Standing on the Border, Seeing Others on the Border
People of the Twentieth Century — a series of works by August Sander (1876-1964) in which he photographed people from all spectrums of life in Germany during the early 20th Century— has gained an unparalleled position within contemporary photography, and not solely because of the quality of the portraits. It is perhaps because the series, with its meticulous planning and systematic categorization, reveals Germany’s societal structure of the time. Since Sander, we have tended to look more closely at the details of a person’s appearance — such as the clothes they are wearing—or at the backgrounds surrounding them, rather than struggling to see within the figure who has been photographed. We also began to give more attention to works as a series, rather than seeing each photograph in isolation. This is also the case with the work of one of Korea’s exemplary photographers, Hein-kuhn oh, who has photographed people for about twenty years. While Sander intended to portray cross-sections of the whole of Germany society through its different ranks, Heinkuhn Oh reveals a snapshot of Korean society in each series of his works, by illuminating a group of people based on his personal interests.
Some of the subjects that have gained his attention can be found in works such as Itaewon Story, Kwangju Story, Ajumma, Girl’s Act, and Cosmetic Anxiety. Among them are a variety of people living within the Itaewon region, where the artist has long lived; actual residents and unknown actors appearing within the same scene at a film’s location; ajumma, middle-aged married women who are often referred to as the ‘third sex’ in Korea; and female high school students, girls whose ages are hard to guess because of their make-up. Even though they represent a large part of society, they are subjects who are often treated as insignificant, never allowed to stand at the centre. As an observer, the artist’s gaze is inquisitive and yet at the same time sympathetic to their sensitivity. As such, Oh’s photographs stand between two different realms, and ‘duality’ is an appropriate word to use when engaging with his work. Since majoring in photography and film, Oh’s work experience has ranged from fine art photography to film-related work; the patterns of his work wavering between reality (documentary) and unreality (directing). With the social position of people drawing his attention, his perspective toward them stands ambivalently on the border.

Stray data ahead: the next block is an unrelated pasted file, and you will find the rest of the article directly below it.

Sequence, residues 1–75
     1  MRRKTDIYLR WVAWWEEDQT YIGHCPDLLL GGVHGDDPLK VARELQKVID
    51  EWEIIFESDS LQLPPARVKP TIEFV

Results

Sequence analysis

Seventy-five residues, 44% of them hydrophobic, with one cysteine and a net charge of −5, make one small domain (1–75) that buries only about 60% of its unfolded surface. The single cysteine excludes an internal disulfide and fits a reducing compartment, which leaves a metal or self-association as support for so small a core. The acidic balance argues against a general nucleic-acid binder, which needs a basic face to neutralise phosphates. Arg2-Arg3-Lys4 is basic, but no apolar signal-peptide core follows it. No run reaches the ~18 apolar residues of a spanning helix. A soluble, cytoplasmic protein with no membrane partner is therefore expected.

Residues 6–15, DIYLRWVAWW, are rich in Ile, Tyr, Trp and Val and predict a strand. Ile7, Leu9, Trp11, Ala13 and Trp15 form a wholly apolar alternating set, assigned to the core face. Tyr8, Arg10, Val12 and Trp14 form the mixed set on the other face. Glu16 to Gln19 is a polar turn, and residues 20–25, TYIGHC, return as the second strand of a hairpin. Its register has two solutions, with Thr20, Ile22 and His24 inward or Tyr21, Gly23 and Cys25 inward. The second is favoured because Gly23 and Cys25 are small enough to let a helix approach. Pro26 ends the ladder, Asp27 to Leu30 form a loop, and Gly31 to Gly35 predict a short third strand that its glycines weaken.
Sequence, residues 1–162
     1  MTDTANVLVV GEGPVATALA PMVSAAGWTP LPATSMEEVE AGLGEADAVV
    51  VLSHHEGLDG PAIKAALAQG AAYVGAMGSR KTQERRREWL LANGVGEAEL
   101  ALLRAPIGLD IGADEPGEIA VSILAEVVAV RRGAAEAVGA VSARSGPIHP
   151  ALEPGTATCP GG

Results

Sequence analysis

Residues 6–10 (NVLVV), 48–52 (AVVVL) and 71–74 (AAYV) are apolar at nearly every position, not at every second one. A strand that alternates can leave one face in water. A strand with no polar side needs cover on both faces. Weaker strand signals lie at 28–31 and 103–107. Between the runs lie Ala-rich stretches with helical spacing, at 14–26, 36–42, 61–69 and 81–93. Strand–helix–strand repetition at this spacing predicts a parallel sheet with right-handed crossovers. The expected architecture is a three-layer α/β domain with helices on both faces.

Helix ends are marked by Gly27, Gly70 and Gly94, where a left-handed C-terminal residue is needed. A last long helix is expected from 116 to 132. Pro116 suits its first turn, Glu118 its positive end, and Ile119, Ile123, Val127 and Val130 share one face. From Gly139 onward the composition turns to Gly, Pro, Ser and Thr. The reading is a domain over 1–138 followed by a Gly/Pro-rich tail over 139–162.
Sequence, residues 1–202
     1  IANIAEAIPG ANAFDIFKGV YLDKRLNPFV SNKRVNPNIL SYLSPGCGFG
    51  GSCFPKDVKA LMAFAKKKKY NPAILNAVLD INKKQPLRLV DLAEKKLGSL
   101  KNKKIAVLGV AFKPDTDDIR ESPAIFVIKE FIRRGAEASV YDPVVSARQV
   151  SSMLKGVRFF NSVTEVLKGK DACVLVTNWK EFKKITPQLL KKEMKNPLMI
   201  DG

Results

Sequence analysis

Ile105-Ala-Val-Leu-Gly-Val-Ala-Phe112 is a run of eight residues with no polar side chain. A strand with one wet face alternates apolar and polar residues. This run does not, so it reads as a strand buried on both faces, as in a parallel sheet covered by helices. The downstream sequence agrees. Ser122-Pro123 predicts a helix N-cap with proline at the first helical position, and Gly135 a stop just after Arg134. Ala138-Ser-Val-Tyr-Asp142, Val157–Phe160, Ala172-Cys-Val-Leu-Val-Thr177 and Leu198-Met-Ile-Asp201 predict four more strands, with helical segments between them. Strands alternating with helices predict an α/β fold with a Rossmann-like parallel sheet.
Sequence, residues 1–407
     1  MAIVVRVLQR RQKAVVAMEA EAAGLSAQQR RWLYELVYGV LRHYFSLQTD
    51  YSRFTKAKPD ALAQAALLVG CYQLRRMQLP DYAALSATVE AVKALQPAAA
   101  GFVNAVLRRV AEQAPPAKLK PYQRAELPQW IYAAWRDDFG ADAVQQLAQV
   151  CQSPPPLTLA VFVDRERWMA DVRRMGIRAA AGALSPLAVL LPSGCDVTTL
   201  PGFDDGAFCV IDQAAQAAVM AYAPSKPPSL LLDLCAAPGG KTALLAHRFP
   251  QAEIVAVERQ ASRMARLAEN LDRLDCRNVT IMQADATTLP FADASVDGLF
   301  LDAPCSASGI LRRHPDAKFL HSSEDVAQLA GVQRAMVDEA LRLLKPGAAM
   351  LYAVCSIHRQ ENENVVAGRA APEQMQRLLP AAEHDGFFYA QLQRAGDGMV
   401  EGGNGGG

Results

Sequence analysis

When he takes pictures of women, the duality of his perspectives toward females is particularly notable. While seeing them – the ajumma and the girls – with a gaze that appears typical of most men in Korea, a more careful look into his works allows us to recognize that Oh is apparently in line with a female perspective rather than a male one. For example, while dealing with an unusual roughness that is characteristic of the unique group of Ajumma created by our patriarchal society, their bittersweet humor is never missed. Girls who are often objectified in terms of sexuality and—unlike boys of the same age—forced to take on stereotypical images, are portrayed with notions of emotional unease and unstable identities. Like this, Oh approaches his female subjects, watching them objectively, yet creating a space that is sympathetic to them. The particular tension brought up by this ambiguity is said to be the most powerful drive in Oh’s portraits.
For the last few years, Oh has focused his work on teenage girls. His artist’s statement begins with the dictionary definition of the English word ‘ambivalent’, and so the girls in his portraits might be seen to have a significance that derives from the fact that they are standing as ambiguous beings, without a fixed position, as neither children or women. They are still intrinsically children, with a limited view of the world around them, but because might rashly be seen as women because of their appearances. Between these two conflicting points, their personalities drift and their identities are elusive. Oh has been struggling to capture the sense of anxiety derived from the obscure ontological position of teenage girls in our cities.